So I always saw one as a means to get to the next, and then it was just how long it would take me to get there. And then also, you know, putting it forward, but entrepreneurial and try to do something different than just the norm, because I wanted to do, to try to affect change on a bigger level was always part of my thought process.

Alisa: So how did you first get connected with the company ventures?

Troy: Most of that is through, I call Eric the connector. We call him the connector. Yeah, because as we are building a system, a lot of these because of his work already and trying to develop and put together cooperatives, he always has a pulse on what’s going on and what’s happening. So he says, you know, this is something great.

I think it’d be great for you to be a part of. And I said, definitely I’m definitely on board is sound like something. I want to be involved in, a group that I would want to be a part of, cause that will help not only the company grow, but me personally as well. So grateful that he was able to get me into the, help be a part of this.

Alisa: So Lindsay, when a company is looking at venture capital firms and investors and things like that, most of them, it seems like only care about the traditional bottom line of profit, rather than the triple bottom line of people, planet and profit.

And so it’s really interesting. I love what you’re doing, or what Company Ventures is doing, and I’m curious, like, if you can talk a little bit about how company ventures is different and kind of what makes it stand out in that way. 

Lindsay: I mean, I think you’re right. That the typical venture capital firm is looking at the single P the, you know, the profitability of their investments. That’s what they are in business to do. I think there’s also like a whole world of impact investing, you know, or ESG focused investing where there’s. You know, all sorts of ways that firms are looking at different measurable impacts as part of their investment thesis. Company ventures falls on the venture capital side of that conversation, but believes that you can align good intentions and values with. Profitability and like the business outcomes that are necessary for venture firm, that there isn’t actually a trade off if it’s designed into the company. 

What that translates to is creating opportunities to have deep conversations with founders that, that encourage that discussion, right from the beginning, like I was saying earlier, but also conversations with those investing in our firm to say there’s actually room for alignment here in ways that like we believe in the long-term prospects of these investments. You know, in the sustainability of our portfolio, because we believe that the intentions are aligned with what the world requires, right? Like it’s not that hard. It’s not like you have to only meet the needs of X community. It’s like what the world requires is that you operate as a good company. What your employees require is that you operate as a responsible company. The people who want to buy your product expect you to be operating as a good company. 

So the conversation that I don’t think happens enough in the startup space is how do you, how do you do that? How do you design for it? How do you bake that in right at the beginning, I mean, on the venture side of, of what we do, like those are the conversations we get to have?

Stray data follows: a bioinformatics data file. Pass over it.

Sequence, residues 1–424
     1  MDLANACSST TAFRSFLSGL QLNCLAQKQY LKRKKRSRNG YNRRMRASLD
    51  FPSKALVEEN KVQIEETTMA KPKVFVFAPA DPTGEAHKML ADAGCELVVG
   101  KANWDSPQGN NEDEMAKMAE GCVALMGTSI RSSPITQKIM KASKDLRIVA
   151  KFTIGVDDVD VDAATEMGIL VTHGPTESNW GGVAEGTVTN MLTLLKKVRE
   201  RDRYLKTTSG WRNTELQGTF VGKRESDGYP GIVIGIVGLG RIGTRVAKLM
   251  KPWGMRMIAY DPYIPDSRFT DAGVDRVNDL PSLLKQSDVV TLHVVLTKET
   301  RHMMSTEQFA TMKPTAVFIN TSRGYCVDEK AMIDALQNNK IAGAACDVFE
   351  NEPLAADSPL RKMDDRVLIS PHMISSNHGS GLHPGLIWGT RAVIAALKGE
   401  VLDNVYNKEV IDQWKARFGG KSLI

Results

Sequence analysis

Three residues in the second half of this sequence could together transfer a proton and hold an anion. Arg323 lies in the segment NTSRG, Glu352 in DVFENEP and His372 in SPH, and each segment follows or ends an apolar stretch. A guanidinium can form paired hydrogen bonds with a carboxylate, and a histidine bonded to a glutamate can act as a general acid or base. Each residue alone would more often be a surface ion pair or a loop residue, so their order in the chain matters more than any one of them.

Alisa: Yeah. What you said that’s key is about how it doesn’t have to be a tradeoff; the both of those two things can be true at the same time. You can have impact on the world and you can be profitable. And I do think I’ve seen that a lot in terms of, you know, investors, that they think that it’s like, oh, well you’re an impact company. So you’re not going to have any profit, and that’s just not true. So I love that. I love that that’s something that you’re educating people about. 

Lindsay: I think there’s just so many different models of getting good work done. So I think like from the capital side of it, you know, there, you can have different ideas of where you want your money to go and that’s valid. And that’s valid to say I’m only going to invest in those companies solving issues related to our climate crisis.

Like that is what I need to do. Good. Do that. Move money in that direction. We need you desperately, right. But there’s also just room for other types of investment and there’s plenty of incredible entrepreneurs out there that are doing other things that can fit into other types of capital that’s available to them.

And I think similarly for startups, there may be some that like are very mission-driven and are not trying to maximize on profit like that, that’s also okay for some subset of the innovation space, but there’s just like lots of places to play and ways to find alignment that really can, all out be, you know, hugely successful and scalable business, and also be done, be built well. 

Alisa: Yeah. So do you only work with companies in New York?

Lindsay: No, our portfolio is not only in New York City. Most of the companies that have Company Ventures investment have actually come through another one of our programs, which is called Grand Central Tech, which is a residency program. So they spent a year working amongst us in our office. But that doesn’t mean they’re all solely in New York city.

That said we’ve been in, you know, we are based out of 335 Madison. We are like physically located in New York and care a lot about New York. And most of these startups in our community, you know, are here, are in New York City and are coming from, you know, all the boroughs and are taking the train and are sending their kids to school and are, you know, deeply embedded in New York’s, everything that is New York, which is part of why, like, I think all the venture firms that operate in New York City need to think broadly about their role in New York City.

So that’s part of the reason that this building this fellowship has been so exciting because it’s like, we care about New York. We care about like what that means for all new Yorkers, both because it’s good for the company, but because we, we’re here like,